So in 16 years the school will have gotten all of their investment capital back, they will have a continuing revenue stream from the solar installation, and they will still have the asset of the solar installation itself, which increases the school's property value and/or can be sold off (though probably not for anywhere near the original purchase price) if desired.

In that light I find it hard to see what you don't like about this plan. Unless you just plain don't like solar energy. But that's just silly. Even ignoring all the "green" aspects of the solar installation there are still plenty of sound reasons for doing it. And there are certainly worse things that the school might do with the money.


By Solandri on 9/19/2011 8:45:28 AM , Rating: 2
Just a minor quibble. I pretty much agree with your analysis. But...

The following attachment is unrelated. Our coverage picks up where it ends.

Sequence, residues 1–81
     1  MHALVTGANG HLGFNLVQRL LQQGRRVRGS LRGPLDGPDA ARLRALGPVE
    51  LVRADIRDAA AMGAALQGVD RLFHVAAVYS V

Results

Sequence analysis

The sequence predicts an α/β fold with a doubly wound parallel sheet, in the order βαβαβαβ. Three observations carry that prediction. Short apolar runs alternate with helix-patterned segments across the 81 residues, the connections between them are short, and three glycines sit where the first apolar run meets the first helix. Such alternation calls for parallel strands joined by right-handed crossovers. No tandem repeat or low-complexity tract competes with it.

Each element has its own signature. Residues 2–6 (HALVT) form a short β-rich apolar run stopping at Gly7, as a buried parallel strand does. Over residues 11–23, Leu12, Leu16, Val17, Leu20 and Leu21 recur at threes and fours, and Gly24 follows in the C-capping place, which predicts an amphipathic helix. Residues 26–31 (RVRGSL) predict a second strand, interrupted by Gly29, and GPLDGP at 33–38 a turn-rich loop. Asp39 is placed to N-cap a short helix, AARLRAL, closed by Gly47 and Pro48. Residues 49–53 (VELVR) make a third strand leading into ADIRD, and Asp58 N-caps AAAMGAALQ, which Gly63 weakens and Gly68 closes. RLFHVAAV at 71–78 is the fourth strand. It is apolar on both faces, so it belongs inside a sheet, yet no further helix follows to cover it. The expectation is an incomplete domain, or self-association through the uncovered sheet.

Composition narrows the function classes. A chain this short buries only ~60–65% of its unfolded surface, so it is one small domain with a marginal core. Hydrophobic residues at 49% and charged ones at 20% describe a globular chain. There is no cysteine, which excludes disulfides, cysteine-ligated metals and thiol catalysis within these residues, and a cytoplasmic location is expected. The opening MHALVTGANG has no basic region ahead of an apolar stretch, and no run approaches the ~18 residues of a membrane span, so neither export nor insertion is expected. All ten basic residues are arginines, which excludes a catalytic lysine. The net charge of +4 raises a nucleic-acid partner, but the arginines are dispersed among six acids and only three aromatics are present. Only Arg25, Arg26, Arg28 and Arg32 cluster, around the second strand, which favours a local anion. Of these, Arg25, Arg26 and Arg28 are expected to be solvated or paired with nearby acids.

quote:
So really this is better viewed as an investment rather than a simple expenditure. An investment that doubles in value after 16 years. Now that's not great (it's about a 5% annual return), but it's good enough to stay ahead of inflation and less risky than investing in stocks (and what business would a school have investing in stocks anyways?), and certainly better than what you would get with bonds or as interest from any major bank right now.

You have to bear in mind that schools are funded by the government, so any money they spend is money extracted from the private sector via taxes. So the correct comparison here isn't vs. a school investing that money in stocks. It's vs. taxing the citizens and companies a little less so that money stays in their hands and helps the economy grow.